Monday, 31 January 2011

Ewell, Surrey, The Horse Pond c1913

Ewell, Surrey, The Horse Pond c1913. The building is Bourne House, now demolished. Postcard published by W. H. Applebee.

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Sunday, 30 January 2011

Farnham, Surrey, Castle Street c1913

Farnham, Surrey, Castle Street. The large building on the right has gone. Postcard published by W. H. Applebee in about 1913.

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Saturday, 29 January 2011

Friday, 28 January 2011

Walthamstow, St James Street, North East London, c1912

Walthamstow, St James Street, North East London, c1912. The modern Street View is surprisingly similar.

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Thursday, 27 January 2011

Ecclesfield, Yorkshire, The Picture Palace c1920

Ecclesfield, Yorkshire, The Picture Palace c1920. Ecclesfield is a town to the north of Sheffield. This cinema is a classic example of an early 'fleapit' cinema. The date on the top of the building proudly proclaims 1920. When this photograph was taken the cinema was showing a film called 'Get Thee Behind Me' (1918). If we look at the Street View image for this scene we see that the building on the right, previously the Earl of Arundel pub, is now an Indian restaurant. Alas, the magnificent cinema has been reduced to a car park.

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Wednesday, 26 January 2011

Harlington, Middlesex, Station Road c1910

Harlington, Middlesex, Station Road c1910. Harlington is very near Hayes and close to Heathrow Airport. Postcard by Young & Co of Teddington.

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Tuesday, 25 January 2011

Wokingham, Berkshire, Broad Street c1919

Wokingham, Berkshire, Broad Street c1919. Postcard published by WHA. Although the WHA postcard business published many postcards of Berkshire, they were all of the eastern part of Berkshire. Of the 3500 or so identified WHA postcards (out of a total of over 7000 including duplicated numbers) this postcard is the furthest west Berkshire WHA postcard and the only WHA postcard of Wokingham that I have seen. It was produced after William Henry Applebee's tragic early death in 1915. Applebee's widow Lucy and his step-brother Charles Mitchell continued the WHA business up until the late 1920s.

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Monday, 24 January 2011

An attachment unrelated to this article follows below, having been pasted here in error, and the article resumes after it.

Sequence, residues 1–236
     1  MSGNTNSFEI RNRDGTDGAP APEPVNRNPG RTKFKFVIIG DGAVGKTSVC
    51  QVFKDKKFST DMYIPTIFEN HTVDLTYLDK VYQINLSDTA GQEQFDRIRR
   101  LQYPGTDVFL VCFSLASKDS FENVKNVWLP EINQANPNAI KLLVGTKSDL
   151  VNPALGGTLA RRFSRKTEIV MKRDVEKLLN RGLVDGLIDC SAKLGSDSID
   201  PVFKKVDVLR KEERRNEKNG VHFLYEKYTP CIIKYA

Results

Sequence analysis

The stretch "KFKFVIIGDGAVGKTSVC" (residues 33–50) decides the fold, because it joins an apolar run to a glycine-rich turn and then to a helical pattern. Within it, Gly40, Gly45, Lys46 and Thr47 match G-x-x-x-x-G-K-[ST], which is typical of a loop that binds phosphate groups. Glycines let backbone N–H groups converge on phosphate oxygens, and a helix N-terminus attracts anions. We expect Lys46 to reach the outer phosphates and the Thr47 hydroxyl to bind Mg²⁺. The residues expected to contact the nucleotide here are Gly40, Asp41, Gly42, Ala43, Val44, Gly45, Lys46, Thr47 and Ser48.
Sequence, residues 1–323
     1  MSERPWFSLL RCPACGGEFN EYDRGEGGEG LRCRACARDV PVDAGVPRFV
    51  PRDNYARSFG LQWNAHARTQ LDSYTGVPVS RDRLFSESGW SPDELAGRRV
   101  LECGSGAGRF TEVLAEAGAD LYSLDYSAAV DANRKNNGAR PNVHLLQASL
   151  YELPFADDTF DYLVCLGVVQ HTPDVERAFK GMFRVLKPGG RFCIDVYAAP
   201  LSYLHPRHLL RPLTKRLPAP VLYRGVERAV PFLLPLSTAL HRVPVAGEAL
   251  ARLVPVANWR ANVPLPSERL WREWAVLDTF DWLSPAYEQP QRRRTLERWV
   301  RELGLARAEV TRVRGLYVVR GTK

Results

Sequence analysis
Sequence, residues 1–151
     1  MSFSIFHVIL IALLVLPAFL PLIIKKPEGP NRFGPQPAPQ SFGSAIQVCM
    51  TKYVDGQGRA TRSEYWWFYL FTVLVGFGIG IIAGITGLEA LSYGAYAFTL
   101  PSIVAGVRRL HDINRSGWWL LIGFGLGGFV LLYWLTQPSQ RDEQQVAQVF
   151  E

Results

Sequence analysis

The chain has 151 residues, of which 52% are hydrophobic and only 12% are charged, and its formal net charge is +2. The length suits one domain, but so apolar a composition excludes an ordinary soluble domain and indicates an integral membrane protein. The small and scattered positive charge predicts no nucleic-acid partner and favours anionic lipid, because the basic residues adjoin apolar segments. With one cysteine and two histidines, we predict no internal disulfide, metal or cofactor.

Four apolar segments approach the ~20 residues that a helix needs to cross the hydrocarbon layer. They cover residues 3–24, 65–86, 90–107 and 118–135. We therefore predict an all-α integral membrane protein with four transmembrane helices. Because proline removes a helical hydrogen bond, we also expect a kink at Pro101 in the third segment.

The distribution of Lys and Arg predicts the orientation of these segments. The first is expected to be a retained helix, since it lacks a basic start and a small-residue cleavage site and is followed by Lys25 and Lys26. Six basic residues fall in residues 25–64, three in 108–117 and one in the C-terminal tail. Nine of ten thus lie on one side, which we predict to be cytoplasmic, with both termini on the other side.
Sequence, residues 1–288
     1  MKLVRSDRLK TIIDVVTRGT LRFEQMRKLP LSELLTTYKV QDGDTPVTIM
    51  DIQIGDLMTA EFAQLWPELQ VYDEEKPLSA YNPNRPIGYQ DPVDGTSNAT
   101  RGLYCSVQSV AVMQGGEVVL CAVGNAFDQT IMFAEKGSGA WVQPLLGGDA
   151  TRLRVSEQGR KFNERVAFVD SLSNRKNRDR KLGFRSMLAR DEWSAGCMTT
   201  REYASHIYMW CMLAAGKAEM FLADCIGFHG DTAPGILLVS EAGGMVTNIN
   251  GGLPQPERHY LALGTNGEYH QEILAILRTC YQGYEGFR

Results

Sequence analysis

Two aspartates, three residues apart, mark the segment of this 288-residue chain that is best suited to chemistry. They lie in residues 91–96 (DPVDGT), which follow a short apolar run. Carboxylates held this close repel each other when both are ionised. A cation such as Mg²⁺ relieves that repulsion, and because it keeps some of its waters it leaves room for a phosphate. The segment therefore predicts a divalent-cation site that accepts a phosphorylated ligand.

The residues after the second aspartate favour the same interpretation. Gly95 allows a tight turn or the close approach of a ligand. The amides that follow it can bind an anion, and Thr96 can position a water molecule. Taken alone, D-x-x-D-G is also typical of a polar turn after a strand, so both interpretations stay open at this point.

Englefield Green, Surrey, Victoria Street 1907

The unusual building on the right is the former Englefield Green Methodist Church, apparently it is to be converted into the Village Centre. Postcard by Young and Co of Teddington. This example was posted in 1907, quite early for Young and Co.

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Sunday, 23 January 2011

Sunbury, Middlesex, Thames Street, c1908

Sunbury, Middlesex, Thames Street, c1908. The pub on the left is the White Horse. Postcard by Young & Co of Teddington.

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Saturday, 22 January 2011

Langley, Berkshire, The Watersplash c1913

Langley, Berkshire, The Watersplash c1913. Postcard by W. H. Applebee. I'm fairly confident I've got the location right with the modern Streetview, but the area has changed so much it is difficult to be absolutely sure.

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Friday, 21 January 2011

Addlestone, Surrey, High Street c1910

Addlestone, Surrey, High Street c1910. This postcard is taken just a little further on from yesterday's post. Postcard by Young & Co of Teddington. The lettering style (though unsigned with the usual YC) is his slightly later caption style from about 1910.

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Thursday, 20 January 2011

Addlestone, Surrey, High Street c1908

Addlestone, Surrey, High Street c1908. Postcard by Young & Co of Teddington.

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Detail from the postcard (click to enlarge):

Wednesday, 19 January 2011

Heston, Middlesex, Rose and Crown pub c1910

Heston, Middlesex, Rose and Crown pub before 1911. The people in the photo are probably the landlord, William Spencer Wright and his wife, Hannah Lent Wright. William died in 1911 at the age of 54, so this photograph would have been taken a little before then. The Rose and Crown is still in business. Also see this post for a nearby view.

Detail from postcard:

Tuesday, 18 January 2011

Iver Village, Buckinghamshire, Post Office c1928